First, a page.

It’s football playoff time, and the media is full of stories about why someone is successful and what makes a player great.
Trent Dilfer was a Super Bowl champion quarterback and, in his retirement, makes a living coaching high school quarterbacks. One of his students was Tua Tagovailoa, the freshman quarterback who came in to engineer the Alabama comeback in the National Championship game.
Dilfer said he wasn’t surprised at Tua’s success. He cited the substantial experience Tua has playing at an early age and his ability to receive coaching and improve quickly.
If you watched the game, Tua made a huge mistake right before he made the play to win the game. On first down, he moved backed for a pass and against a substantial rush from the Georgia line, was sacked for a 16-yard loss. The criticism was immediate. You don’t take a loss like that. You throw the ball away.
Before the critics could quit speaking, Tua threw a big touchdown pass to a streaking receiver. It was a big play.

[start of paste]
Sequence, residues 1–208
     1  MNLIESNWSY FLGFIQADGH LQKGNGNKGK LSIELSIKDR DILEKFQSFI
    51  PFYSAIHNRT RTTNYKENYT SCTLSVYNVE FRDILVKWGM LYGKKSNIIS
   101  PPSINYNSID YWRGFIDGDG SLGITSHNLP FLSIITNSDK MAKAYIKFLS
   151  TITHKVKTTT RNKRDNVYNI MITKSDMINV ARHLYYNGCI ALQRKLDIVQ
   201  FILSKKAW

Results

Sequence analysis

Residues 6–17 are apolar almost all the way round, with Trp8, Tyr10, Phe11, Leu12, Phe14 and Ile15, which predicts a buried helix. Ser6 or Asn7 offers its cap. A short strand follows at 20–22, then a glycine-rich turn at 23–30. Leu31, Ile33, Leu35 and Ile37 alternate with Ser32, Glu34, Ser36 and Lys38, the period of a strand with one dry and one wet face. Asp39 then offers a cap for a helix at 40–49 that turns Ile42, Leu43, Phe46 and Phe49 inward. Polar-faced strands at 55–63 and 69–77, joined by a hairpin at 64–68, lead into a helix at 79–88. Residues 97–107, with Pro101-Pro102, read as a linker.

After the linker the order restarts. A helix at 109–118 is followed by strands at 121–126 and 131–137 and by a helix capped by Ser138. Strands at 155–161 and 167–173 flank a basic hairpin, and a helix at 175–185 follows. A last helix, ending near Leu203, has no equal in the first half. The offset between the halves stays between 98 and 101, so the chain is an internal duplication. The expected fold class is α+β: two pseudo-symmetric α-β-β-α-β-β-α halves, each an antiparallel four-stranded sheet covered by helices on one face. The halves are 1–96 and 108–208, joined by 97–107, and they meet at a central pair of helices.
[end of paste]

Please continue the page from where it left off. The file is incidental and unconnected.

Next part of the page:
Dilfer, who tracks statistics of his students, said the touchdown wasn’t surprising either. He said Tua has a high PACE rating. PACE stands for Plays After Critical Errors. Dilfer created the statistic because he has noticed that great quarterbacks like Peyton Manning and Tom Brady have a tendency to bounce back from errors with productive plays that counteract the errors.
“Those guys are usually better after making a critical mistake,” says Dilfer. He suggests that it locks in their concentration and kindles their competitive fire.
Some people let an error take them off their game. They get mad. They have to ruminate a bit while they get over it. They feel sorry for themselves. They can’t get back to the task until they have had time to mourn.
People with great PACE have short memories. They know that failure isn’t fatal. They have the experience of having to redeemed mistakes in the past and know they can do it again. That belief is frequently rewarded.
When you have made a mistake, be known for PACE.